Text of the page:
With a 4X optical zoom in-built lens, the camera is well prepared for a difficult journey. It’s in-body countersunk lens, guards unnecessary dust particles and trickles of water from entering the device. As a result, the camera almost takes no time to get started. I thought low-light slowed it down a bit but it hardly ever took more than 1-3 seconds to focus and capture a shot. Many users frustrated by shutter and review lags in compact cameras will find this speed delightful.
With its ISO ranging from 125 to a mighty 6400, the camera’s low-light sensitivity is quite impressive. My attempts to take some fully zoomed in mood shots at a friend’s party were quite satisfactory. The camera’s back-illuminated CMOS image sensor produces some high quality images in lowlight as well as underwater.
When I got a chance to review the WG-4, I decided to try it out in one of the many swimming pools in the city. But Delhi being Delhi, clubs do not let ‘outsiders’ use their pool and have some fun! I had to do with just putting my hand inside the pool and getting a fully zoomed shot of the pool tiles. Even then, I thought with extremely fast shutter speed, the camera produced some promising under-water shots.
The camera’s 25-100mm range in 35 mm equivalent might not be a very widely varied range but for spontaneous shooting, it can be satisfactory enough.
Its 4X opical zoom and full HD movie recording are definitely a bonus apart from its other special features. Ricoh has also added shutter-priority mode (1/4,000 to 1/4 second in most modes) along with the usual (green) auto-mode, program and a wide range of special effect modes in this camera unlike its predecessor. So, users who had a complaint about the lack of creative freedom in Pentax WG-3 can be happier now. Shutter priority mode will give an enthusiast photographer some amount of manual control to exposures.
The camera’s lack of support for RAW formats is still a complaint for users like me who find that digital age photography cannot evade post-processing, besides leaving a little room to play with the images.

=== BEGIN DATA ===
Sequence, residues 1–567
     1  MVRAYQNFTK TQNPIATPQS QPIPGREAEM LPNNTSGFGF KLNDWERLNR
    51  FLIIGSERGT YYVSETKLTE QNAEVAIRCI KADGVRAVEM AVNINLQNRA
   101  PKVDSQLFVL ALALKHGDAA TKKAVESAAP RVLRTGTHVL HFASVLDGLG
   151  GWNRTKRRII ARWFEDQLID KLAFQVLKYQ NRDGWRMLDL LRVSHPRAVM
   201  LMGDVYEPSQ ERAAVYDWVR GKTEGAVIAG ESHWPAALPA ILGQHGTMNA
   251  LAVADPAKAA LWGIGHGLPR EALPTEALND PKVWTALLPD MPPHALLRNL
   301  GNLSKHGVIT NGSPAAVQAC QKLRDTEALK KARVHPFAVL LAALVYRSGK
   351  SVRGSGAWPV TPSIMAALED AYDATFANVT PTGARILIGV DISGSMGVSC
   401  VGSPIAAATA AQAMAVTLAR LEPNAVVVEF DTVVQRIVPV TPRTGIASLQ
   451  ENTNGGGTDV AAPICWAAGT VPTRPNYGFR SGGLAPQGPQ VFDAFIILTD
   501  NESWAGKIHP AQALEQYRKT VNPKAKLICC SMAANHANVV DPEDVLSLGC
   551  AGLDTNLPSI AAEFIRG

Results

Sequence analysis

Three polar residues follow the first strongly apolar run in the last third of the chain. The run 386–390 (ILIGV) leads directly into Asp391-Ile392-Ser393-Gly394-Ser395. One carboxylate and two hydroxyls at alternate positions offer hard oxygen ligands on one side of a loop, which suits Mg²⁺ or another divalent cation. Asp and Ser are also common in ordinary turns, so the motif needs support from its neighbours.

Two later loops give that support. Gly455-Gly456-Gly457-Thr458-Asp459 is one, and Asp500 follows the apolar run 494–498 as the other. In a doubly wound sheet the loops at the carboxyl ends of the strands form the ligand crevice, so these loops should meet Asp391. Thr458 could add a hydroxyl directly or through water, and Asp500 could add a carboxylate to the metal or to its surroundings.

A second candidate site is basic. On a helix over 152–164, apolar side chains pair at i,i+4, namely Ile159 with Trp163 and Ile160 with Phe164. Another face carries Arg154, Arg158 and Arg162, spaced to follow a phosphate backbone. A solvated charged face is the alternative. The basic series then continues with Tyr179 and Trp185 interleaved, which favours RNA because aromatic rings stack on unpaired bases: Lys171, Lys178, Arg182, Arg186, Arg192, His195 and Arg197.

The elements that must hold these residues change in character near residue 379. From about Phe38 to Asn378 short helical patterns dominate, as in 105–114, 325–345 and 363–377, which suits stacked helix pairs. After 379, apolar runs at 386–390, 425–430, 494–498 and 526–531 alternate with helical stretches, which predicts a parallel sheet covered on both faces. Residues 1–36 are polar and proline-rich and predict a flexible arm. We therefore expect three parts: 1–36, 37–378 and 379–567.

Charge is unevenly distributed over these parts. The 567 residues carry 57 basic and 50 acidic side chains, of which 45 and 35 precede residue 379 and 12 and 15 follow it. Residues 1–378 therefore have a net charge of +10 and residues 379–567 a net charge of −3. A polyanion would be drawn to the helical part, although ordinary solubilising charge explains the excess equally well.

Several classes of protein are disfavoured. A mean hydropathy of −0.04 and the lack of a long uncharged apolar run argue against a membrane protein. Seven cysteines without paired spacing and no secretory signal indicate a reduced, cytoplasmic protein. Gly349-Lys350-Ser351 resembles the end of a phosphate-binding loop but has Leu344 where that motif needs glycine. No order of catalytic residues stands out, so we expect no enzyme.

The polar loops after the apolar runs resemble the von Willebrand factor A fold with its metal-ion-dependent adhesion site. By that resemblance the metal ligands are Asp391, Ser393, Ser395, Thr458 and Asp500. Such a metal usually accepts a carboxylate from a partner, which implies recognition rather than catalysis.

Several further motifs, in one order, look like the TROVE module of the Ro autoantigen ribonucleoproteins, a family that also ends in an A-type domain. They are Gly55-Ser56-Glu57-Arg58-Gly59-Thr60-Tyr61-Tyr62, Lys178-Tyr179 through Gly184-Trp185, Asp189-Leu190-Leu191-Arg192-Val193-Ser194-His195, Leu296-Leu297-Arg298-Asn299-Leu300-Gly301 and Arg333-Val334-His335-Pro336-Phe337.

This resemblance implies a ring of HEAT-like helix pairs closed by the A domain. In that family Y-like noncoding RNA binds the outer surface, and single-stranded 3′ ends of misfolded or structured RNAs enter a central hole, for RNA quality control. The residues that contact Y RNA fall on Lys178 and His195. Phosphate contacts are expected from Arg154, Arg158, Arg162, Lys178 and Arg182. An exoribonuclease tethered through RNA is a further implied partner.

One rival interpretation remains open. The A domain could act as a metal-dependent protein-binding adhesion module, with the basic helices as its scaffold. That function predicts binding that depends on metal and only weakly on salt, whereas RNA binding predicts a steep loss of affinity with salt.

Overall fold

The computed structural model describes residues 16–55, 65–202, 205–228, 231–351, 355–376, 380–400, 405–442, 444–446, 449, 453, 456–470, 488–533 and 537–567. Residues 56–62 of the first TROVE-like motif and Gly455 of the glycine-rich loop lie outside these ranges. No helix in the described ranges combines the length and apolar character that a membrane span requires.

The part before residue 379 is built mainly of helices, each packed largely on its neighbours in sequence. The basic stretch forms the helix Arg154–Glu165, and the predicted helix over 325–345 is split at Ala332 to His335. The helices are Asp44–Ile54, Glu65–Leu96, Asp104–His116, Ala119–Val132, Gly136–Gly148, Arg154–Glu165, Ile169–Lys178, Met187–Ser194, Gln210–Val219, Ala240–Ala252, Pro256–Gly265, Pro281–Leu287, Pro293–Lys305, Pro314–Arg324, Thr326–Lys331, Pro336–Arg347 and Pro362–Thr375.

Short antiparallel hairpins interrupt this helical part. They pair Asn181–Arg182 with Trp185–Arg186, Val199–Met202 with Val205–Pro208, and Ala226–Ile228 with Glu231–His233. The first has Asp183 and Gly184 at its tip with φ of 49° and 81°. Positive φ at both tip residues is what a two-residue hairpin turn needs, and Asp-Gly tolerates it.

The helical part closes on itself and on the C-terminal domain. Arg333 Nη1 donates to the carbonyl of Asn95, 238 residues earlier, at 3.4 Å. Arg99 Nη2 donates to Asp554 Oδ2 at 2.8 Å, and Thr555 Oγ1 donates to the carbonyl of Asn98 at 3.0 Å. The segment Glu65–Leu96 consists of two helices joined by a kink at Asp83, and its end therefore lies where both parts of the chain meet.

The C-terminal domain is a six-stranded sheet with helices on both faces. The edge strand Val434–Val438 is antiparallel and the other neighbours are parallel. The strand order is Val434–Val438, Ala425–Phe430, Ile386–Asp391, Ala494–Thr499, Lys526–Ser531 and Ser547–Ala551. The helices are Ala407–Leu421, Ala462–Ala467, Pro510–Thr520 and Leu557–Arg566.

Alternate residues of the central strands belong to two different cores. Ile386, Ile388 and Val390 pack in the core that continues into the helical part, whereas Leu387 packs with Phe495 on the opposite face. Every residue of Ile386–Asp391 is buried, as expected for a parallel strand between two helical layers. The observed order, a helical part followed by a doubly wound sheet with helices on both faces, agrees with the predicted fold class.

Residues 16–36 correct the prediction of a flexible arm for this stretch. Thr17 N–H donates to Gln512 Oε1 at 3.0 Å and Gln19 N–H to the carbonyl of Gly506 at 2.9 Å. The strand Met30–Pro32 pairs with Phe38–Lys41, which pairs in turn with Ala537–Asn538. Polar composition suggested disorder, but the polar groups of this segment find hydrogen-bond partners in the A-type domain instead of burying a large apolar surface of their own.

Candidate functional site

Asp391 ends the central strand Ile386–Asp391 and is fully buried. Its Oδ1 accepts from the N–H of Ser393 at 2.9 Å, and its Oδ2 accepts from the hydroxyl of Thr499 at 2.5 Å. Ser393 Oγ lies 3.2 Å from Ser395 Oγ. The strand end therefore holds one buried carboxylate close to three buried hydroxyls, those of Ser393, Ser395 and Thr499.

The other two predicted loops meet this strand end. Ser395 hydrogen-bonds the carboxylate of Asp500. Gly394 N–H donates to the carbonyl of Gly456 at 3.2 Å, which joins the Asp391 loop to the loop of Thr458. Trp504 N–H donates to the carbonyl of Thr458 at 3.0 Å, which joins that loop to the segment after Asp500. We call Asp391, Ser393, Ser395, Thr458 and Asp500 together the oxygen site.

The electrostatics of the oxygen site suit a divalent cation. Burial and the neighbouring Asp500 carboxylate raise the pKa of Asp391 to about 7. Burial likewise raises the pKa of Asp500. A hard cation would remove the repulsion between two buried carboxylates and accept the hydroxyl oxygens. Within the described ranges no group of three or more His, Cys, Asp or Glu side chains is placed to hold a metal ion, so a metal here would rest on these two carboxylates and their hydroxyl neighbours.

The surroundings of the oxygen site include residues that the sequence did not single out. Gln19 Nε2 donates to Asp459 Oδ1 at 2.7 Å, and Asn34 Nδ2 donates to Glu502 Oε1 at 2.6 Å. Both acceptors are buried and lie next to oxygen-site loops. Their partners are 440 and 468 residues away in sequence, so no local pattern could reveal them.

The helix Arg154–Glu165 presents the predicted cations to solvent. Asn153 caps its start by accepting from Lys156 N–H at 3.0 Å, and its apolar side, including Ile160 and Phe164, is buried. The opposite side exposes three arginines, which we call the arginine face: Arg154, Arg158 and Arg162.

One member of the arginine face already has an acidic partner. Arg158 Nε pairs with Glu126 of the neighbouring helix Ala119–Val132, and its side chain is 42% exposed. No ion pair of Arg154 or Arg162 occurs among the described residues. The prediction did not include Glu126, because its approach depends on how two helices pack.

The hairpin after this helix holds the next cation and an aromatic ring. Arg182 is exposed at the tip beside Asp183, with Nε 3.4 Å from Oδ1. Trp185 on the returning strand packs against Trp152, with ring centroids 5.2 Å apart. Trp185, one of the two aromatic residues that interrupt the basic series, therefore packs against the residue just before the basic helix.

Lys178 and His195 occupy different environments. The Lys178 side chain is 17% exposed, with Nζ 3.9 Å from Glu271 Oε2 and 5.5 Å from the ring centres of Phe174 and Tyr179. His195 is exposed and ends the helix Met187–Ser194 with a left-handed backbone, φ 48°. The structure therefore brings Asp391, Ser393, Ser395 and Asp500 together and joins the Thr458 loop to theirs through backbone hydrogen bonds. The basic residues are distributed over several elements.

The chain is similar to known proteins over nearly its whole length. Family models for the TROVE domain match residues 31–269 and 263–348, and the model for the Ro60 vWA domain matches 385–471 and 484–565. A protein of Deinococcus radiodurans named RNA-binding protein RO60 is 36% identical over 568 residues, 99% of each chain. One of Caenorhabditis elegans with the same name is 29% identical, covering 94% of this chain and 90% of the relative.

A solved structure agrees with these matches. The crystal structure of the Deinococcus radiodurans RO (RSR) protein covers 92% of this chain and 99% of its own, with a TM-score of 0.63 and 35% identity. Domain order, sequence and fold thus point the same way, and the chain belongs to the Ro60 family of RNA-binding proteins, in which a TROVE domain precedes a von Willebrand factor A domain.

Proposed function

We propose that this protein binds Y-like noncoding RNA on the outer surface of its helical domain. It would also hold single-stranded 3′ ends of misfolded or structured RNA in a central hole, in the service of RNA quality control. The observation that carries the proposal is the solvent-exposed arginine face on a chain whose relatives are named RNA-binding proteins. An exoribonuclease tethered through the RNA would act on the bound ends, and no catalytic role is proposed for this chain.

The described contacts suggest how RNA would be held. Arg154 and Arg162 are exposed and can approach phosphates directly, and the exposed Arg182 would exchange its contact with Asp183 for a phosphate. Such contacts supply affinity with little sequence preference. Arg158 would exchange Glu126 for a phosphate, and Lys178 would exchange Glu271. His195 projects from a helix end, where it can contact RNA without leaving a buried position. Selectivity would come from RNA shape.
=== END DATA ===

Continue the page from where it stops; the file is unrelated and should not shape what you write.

I quite liked the camera’s multi-shot modes, especially its HDR mode where it captures multiple images and combines them into one single image. This, however, increases processing time to about 4-5 seconds for every combined image to be generated.
Another strong feature of this camera, both underwater and otherwise, is its Digital microscopic mode where it can focus as closes as 1 cm. With its six LED lights on the front panel around the in-built lens, even low-light macro shots came out quite sharp and well exposed.
With its aperture opening up to a maximum of f/2, I think the camera has enough features to compete with the other giants in the market like Nikon or Canon.
The Ricoh WG-4, priced at Rs 20,995, can be a judicious choice for enterprising photographers or photo enthusiasts who don’t mind going a few extra miles to get that perfect shot. It could be an indispensable companion for adventure junkies who don’t like being weighed down by their gear. However, for regular users, their expenditure may be directed elsewhere such as better lens optics or higher megapixels!
The lack of RAW format for image capturing, though, is an impediment. Imagine washed out whites with no room for extracting detail after all the trouble you’ve taken shooting a dramatic snowstorm or such! In my opinion, the target group of such a camera would not mind spending a few extra bucks to have this feature included.
Nonetheless, with reasonably high JPEG image quality, the relative absence of shutter-lag and many exciting features with lots of room to experiment underwater, in the hills, beaches or your neightbourhood swimming pool, this camera is a promising bet for outdoor use.